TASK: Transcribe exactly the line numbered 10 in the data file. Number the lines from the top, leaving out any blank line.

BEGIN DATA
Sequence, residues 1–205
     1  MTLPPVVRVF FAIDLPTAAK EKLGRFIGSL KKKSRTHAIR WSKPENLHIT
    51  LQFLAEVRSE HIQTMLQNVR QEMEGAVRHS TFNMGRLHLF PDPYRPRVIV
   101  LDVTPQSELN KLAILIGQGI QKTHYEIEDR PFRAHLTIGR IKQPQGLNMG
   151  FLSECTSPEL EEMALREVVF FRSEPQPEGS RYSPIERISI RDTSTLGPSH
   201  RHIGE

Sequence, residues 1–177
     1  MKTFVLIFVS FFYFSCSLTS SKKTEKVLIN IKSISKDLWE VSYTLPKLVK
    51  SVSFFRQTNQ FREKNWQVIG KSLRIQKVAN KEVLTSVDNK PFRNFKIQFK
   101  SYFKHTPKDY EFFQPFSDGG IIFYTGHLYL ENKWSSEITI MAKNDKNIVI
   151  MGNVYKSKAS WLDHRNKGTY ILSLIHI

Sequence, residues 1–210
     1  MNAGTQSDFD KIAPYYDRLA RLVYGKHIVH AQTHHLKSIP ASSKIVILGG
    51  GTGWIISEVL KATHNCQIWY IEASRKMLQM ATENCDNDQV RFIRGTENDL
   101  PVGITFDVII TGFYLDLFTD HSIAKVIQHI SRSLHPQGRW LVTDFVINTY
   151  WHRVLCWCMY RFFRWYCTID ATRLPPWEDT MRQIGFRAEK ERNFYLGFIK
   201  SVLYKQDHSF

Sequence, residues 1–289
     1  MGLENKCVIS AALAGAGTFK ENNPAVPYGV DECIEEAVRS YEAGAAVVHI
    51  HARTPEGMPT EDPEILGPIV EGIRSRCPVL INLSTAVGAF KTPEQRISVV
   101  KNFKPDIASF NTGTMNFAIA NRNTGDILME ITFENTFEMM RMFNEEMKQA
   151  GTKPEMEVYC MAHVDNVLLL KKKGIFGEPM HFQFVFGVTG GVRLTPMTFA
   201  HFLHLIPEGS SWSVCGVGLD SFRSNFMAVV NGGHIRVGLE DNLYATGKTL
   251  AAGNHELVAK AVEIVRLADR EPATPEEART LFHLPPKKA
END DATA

   101  SYFKHTPKDY EFFQPFSDGG IIFYTGHLYL ENKWSSEITI MAKNDKNIVI